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Axillary nerve

- Discuussion:
    - axillary nerve (C5, C6) originates from and passes backward from posterior cord of brachial plexus  - at level of axilla;
           - it arises immediately posterior to the coracoid process and conjoined tendon;
    - it crosses the inferolateral surface of the subscapularis, 3-5 mm medial to the musculotendinous border;
           - sweeping a finger from superior to inferior along the anterior aspect of subscapularis will catch the axillary nerve;
    - it courses along inferior border of the shoulder capsule, & then thru quadrangular space below lower border of teres minor
           where it passes around posterior and lateral humerus on deep surface of the deltoid muscle;
    - after passing thru quadrilateral space (at inferior border of subscapularis muscle and posterior aspect of the humeral neck) it divides into  
          anterior and posterior trunks;
    - anterior trunk:
           - branches supply the middle and anterior deltoid as it winds around the inner surface of deltoid;
    - posterior trunk:
           - branch to the teres minor muscle
           - posterior part of the deltoid muscle (lie deep in deltoid);
           - terminal branches: superior lateral brachial cutaneous nerve
    - references:
           - The Posterior Branch of the Axillary Nerve: An Anatomic Study.
           - Anatomical basis of the variable aspects of injuries of the axillary nerve (excluding the terminal branches in the deltoid muscle).
           - The position of the axillary nerve in the deltoid muscle. A cadaveric study.

- Anterior Dislocation of Shoulder:
    - because of its relatively fixed position at posterior cord and at deltoid, any downward subluxation of proximal humerus can result in traction
             and injury to the nerve;
    - also because of its close relationship to the inferior capsule makes it suseptible to injury with anterior dislocations;
    - in pts w/ axillary nerve injuries following anterior dislocation, sensory exam over the lateral shoulder will be normal;
    - injury causes loss of shoulder abduction  & external rotation; 

- Axillary Nerve and Shoulder Reconstruction:
    - references:
          - Anatomy of the axillary nerve and its relation to inferior capsular shift.
          - The axillary nerve and its relationship to common sports medicine shoulder procedures.
          - Prevention of Axillary Nerve Injury in Anterior Shoulder Reconstructions. Use of a Subscapularis Muscle-Splitting Technique and a Review of the Literature.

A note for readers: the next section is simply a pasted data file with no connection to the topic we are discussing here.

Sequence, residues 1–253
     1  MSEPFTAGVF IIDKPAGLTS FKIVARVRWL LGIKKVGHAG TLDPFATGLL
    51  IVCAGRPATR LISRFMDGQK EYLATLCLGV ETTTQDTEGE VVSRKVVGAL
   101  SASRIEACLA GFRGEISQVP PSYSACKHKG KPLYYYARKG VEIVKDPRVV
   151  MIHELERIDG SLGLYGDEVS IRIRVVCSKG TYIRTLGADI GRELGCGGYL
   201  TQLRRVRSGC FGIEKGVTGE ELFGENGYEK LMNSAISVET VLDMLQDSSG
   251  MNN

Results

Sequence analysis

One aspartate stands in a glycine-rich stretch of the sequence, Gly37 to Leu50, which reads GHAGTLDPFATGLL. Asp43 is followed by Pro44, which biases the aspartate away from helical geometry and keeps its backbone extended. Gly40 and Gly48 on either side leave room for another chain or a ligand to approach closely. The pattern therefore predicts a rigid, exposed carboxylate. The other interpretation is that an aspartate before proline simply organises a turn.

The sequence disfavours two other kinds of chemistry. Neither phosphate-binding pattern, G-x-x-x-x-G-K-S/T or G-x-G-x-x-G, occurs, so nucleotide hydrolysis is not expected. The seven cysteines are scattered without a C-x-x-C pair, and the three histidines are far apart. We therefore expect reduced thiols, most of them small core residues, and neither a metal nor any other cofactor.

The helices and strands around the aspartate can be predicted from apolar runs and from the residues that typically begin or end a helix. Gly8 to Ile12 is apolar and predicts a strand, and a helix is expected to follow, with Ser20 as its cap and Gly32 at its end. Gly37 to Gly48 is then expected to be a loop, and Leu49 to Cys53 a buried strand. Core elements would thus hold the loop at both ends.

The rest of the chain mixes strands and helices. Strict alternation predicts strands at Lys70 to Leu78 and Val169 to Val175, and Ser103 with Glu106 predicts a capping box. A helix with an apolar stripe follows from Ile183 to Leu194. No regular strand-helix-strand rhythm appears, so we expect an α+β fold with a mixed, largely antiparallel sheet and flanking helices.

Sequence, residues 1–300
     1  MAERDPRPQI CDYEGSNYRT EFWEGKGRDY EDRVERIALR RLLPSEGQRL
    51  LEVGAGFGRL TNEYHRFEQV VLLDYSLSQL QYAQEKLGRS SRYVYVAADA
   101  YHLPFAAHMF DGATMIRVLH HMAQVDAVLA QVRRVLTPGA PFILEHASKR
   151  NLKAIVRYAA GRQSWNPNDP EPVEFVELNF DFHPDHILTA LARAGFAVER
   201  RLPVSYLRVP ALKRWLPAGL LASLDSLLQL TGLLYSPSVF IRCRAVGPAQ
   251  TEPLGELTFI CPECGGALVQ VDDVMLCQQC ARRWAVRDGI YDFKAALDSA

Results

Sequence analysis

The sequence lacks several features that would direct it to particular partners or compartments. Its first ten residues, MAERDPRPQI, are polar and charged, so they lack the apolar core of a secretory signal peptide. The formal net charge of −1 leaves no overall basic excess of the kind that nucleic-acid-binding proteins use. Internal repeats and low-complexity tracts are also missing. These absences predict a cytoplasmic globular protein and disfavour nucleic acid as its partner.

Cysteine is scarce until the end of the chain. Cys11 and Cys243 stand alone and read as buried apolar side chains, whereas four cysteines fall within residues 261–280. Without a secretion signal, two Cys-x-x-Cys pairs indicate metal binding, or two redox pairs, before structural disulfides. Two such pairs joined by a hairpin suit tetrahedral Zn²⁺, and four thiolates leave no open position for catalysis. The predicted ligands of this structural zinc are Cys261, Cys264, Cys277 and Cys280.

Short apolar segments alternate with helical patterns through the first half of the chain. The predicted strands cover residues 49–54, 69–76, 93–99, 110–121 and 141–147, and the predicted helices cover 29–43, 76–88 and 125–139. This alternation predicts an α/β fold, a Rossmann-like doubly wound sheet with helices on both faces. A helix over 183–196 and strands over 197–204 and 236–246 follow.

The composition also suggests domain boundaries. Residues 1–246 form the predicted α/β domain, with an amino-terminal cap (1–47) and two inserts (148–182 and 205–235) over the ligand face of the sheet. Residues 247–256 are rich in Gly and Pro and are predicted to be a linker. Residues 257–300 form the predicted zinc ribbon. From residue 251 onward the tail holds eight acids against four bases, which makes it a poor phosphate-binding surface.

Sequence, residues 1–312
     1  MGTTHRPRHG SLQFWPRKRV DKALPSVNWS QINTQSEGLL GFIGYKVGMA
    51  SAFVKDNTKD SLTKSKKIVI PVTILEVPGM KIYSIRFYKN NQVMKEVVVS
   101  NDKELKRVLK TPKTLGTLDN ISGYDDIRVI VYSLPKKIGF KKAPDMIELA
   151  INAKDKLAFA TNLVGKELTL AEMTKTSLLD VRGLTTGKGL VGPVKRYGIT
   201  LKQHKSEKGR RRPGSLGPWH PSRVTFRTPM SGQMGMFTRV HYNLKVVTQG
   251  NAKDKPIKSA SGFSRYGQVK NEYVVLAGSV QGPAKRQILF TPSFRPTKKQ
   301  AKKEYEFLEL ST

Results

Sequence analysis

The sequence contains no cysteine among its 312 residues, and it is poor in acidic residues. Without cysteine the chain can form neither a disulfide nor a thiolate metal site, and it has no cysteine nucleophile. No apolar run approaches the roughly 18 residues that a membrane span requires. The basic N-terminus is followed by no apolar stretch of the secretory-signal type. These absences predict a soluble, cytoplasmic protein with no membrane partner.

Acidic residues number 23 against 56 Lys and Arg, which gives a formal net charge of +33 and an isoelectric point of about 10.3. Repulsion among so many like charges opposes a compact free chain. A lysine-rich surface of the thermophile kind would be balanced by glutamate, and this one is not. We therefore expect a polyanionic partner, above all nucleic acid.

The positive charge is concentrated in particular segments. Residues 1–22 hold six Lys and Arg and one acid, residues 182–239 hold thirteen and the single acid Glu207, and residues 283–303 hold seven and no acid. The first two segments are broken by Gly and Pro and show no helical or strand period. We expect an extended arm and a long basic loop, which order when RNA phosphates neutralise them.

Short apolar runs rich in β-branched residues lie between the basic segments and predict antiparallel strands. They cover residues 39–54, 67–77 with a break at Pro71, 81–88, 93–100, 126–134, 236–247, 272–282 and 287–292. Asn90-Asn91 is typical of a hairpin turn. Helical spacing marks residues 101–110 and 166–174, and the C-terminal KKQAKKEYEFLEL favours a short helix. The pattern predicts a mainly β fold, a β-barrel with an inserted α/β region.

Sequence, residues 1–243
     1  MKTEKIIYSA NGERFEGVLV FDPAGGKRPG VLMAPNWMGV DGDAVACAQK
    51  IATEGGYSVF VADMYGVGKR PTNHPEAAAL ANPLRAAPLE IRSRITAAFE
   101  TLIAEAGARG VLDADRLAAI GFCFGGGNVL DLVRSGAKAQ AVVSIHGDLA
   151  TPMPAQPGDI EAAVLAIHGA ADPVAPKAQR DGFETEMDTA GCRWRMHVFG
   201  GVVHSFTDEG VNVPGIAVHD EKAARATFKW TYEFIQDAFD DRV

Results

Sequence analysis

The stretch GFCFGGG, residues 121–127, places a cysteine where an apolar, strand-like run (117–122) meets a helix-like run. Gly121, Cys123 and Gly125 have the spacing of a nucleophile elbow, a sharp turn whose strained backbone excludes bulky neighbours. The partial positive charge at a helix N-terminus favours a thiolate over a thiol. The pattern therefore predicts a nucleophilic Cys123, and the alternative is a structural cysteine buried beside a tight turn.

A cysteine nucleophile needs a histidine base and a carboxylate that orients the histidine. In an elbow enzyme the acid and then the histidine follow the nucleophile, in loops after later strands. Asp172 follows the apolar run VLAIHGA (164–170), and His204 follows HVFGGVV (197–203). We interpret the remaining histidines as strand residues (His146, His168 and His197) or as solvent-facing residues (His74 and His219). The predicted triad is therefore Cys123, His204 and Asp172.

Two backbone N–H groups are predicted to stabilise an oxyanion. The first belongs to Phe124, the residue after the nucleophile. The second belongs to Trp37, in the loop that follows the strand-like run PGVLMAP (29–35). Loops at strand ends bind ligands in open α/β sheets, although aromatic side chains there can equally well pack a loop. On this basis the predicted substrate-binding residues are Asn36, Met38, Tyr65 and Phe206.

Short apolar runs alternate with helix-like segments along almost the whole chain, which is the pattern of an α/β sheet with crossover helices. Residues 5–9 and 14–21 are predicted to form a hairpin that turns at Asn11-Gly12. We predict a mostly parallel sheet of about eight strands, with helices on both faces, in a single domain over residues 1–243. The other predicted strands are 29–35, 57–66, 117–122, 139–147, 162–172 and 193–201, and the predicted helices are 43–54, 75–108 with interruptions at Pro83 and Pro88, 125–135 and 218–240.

- The Anatomic Relationship of the Brachial Plexus and Axillary Artery to the Glenoid. Implications for Anterior Shoulder Surgery.
          - The Relationship of the Axillary Nerve to Arthroscopically Placed Capsulolabral Sutures. An Anatomic Study.
          - Determining the Relationship of the Axillary Nerve to the Shoulder Joint Capsule from an Arthroscopic Perspective.

- Axillary Nerve Injury during Rotator Cuff Surgery:
    - if deltoid is split anteriorly for > 5 cm, branches of axillary nerve will be damaged, rendering corresponding portion of deltoid  ineffective;
          - in smaller patients, the deltoid should not be split more than 4 cm;
    - smallest split possible should be made in deltoid to permit sufficient exposure of the rotator cuff;
    - arm can be passively moved into various positions to allow this exposure without creating a larger muscle split than is necessary;

- Axillary Nerve and Proximal Interlocking Screws for IM Nailing: (see IM nailing)
    - references:
         - Relationship of the axillary nerve to the proximal screws of a flexible humeral nail system: an anatomic study.
         - Antegrade locked nailing for humeral shaft fractures.
         - Percutaneous Pinning of the Proximal Part of the Humerus. An Anatomic Study.
         - Anatomic considerations of locked humeral nailing.

 The sub-deltoid approach to the metaphyseal region of the humerus.

 Repair of isolated axillary nerve lesions after infraclavicular brachial plexus injuries: case reports.

 Suprascapular neuropathy in the differential diagnosis of rotator cuff injuries.  

 Isolated and combined lesions of the axillary nerve. A review of 146 cases.  

 Surgical anatomy of the axillary nerve.    

 Is There a Safe Area for the Axillary Nerve in the Deltoid Muscle?

 The anatomic relationships of the axillary nerve and surgical landmarks for its localization from the anterior aspect of the shoulder.